Men in Blue
Fort Halleck, Nevada (1867-1886)
In 1867 Central
Pacific Railroad construction crews were laying rails toward tracks of
the Union Pacific to complete the first transcontinental railroad in the
United States. Back east in Washington, D.C. army brass decided to build
a fort to protect the workers from Indian attacks. It didn't matter that
there had been no battles in northern Nevada in recent years.
Once there, Capt. Smith bought property for the fort (fort or camp, it changed status from time to time, I will use fort for the sake of continuity) from First Lieutenant William G. Seamonds. Seamonds had been stationed at Fort Ruby but was retired and had the honor of being the first settler in what would be Halleck Valley. The post was named in honor of General Henry W. Halleck (right), Commander-in-Chief of the US Army in 1867. The new military reservation covered 17 square miles of grazing areas, forests for wood, and the post proper.
Smith put his soldiers to work constructing dugouts for the enlisted people and putting up tents for the officers. Smith was a tough Indian fighter from the Overland War of 1863. He was also an oppressive leader, always insisting that his men follow military rules to the letter. If not, they were flogged. One of his reports noted that of a roster of 70, 15 soldiers, not wanting to face the whip, had deserted.
Shoshones and Paiutes visited the fledgling fort to watch the men work. The soldiers, in turn, sometimes traveled to nearby Indian camps to watch dances. There wasn't any danger from the peaceful local natives. Occasionally a wagon train detoured from the Humboldt River to the fort but they too were in no danger.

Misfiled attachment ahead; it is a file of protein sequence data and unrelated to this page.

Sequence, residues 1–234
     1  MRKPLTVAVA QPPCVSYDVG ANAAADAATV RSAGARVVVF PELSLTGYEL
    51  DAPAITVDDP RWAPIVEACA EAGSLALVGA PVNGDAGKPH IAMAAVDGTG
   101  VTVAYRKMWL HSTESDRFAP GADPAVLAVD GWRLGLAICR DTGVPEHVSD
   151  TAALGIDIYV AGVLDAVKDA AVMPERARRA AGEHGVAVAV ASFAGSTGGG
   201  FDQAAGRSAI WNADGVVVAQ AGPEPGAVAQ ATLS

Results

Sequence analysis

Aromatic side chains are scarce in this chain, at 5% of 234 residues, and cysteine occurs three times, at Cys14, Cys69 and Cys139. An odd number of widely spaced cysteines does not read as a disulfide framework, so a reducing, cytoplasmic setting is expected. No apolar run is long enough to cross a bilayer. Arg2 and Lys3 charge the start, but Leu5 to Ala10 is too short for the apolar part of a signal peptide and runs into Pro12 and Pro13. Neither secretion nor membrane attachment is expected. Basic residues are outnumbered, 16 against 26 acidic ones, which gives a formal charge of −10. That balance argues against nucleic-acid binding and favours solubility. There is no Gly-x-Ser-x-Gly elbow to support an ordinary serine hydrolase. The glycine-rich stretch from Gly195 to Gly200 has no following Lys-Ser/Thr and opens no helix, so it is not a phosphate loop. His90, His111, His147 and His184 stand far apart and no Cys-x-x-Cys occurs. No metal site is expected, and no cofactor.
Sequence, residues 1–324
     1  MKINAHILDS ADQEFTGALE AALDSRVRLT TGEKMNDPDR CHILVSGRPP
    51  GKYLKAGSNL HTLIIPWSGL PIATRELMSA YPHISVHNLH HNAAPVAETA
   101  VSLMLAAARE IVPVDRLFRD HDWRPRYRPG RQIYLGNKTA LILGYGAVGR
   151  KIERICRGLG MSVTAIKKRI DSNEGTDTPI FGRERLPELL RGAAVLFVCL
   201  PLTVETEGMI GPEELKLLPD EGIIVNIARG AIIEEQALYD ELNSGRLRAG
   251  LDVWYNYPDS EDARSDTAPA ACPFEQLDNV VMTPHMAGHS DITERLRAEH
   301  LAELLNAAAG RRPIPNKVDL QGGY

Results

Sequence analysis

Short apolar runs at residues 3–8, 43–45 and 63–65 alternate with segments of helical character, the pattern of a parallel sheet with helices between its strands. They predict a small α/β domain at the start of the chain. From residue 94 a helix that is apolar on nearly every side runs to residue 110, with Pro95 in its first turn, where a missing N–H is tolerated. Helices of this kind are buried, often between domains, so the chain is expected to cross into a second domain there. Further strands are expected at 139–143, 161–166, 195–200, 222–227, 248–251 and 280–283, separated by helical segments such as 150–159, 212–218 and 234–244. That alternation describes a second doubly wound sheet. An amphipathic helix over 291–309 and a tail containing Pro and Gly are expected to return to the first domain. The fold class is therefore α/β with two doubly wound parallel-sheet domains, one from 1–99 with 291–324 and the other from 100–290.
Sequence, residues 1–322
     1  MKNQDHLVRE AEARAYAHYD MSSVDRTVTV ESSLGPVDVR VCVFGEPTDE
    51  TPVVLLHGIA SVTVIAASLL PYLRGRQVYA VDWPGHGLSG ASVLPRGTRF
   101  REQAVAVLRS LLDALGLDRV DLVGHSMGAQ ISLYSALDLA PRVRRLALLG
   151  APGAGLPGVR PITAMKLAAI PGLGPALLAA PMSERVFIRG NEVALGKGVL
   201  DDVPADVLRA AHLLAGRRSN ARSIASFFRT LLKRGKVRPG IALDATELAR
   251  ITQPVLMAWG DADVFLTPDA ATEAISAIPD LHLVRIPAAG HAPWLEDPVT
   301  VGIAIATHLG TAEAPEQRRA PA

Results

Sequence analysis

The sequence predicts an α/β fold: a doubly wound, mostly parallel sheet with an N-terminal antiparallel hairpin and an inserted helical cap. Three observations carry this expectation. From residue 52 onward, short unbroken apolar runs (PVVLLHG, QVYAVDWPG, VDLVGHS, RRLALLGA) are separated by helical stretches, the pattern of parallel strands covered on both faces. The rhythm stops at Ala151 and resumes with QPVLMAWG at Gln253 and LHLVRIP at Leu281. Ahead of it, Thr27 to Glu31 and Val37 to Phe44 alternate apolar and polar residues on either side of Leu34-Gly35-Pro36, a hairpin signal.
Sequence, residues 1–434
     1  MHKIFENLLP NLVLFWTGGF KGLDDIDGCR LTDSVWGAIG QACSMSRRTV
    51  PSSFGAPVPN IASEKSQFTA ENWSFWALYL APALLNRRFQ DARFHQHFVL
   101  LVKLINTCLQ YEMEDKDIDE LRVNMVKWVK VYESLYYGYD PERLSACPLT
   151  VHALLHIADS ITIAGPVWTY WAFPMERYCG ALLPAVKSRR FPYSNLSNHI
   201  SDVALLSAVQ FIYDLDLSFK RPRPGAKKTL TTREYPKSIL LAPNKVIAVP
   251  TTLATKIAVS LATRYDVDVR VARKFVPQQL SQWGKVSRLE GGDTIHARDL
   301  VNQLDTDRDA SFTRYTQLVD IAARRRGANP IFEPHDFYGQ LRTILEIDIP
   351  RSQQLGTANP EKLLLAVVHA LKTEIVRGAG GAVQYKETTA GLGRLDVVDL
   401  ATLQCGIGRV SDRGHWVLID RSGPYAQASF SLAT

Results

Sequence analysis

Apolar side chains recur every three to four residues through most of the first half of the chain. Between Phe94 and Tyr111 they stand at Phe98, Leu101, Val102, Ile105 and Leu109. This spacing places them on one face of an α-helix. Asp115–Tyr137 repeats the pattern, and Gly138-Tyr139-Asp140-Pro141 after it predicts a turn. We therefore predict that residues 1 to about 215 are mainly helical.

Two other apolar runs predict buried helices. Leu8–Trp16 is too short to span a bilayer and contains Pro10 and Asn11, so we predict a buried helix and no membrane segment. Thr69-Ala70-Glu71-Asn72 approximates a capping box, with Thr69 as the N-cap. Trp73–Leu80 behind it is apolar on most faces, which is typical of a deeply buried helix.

Food was freighted to the fort from Austin. The choice didn't vary. There was flour, beef, bacon, beans, coffee, tea, rice, and sugar - the only delicacy was dried apples. If the men wanted some variation they patronized a nearby store where they bought eggs at $2 a dozen, butter for $2.50 a pound, and canned goods were $1 each. Double that price because the army was paid in greenbacks not accepted by local merchants who converted them to gold for a 50% commission.
Water was frequently a problem. Cottonwood Creek dried up part of the year so a ditch was dug from another stream to the west. Additionally, barrels were filled from a nearby spring and brought to the camp by wagon. When there was enough water the men planted gardens in self defense to provide some variation in their diet.
By December, 1868 there were two companies at Fort Halleck: Company D, Eighth Cavalry, with two officers and 50 enlisted men and Company H, Eighth Cavalry, with two officers and 64 soldiers. Add to those one assistant surgeon, one hospital steward, one hospital matron, and three laundresses. If the math is right, that's 120 people.
More permanent structures were built of cottonwood logs and adobe. Officers, of course, were assigned to the adobes. They were more weatherproof.
In 1869 the Central Pacific was completed and
supplies came by railroad, off loading at Halleck Station, about twelve
miles to the north.
Attempts were made to bring a little civilization
to the place by wives of men stationed at Fort Halleck. They tried to bring
some semblance of civilization by promoting religious and social
activities. The commanding officer's sister tried converting local Indians
to Christianity. It didn't work out. The services were well attended but
the Indians didn't understand English. They came for the music and refreshments..
Source: Most of the information in this vignette came from Halleck Country - The Story of the Land and its People by Edna B. Patterson and Louise A. Beebe published in 1982.
©Copyright 2002 by Howard Hickson.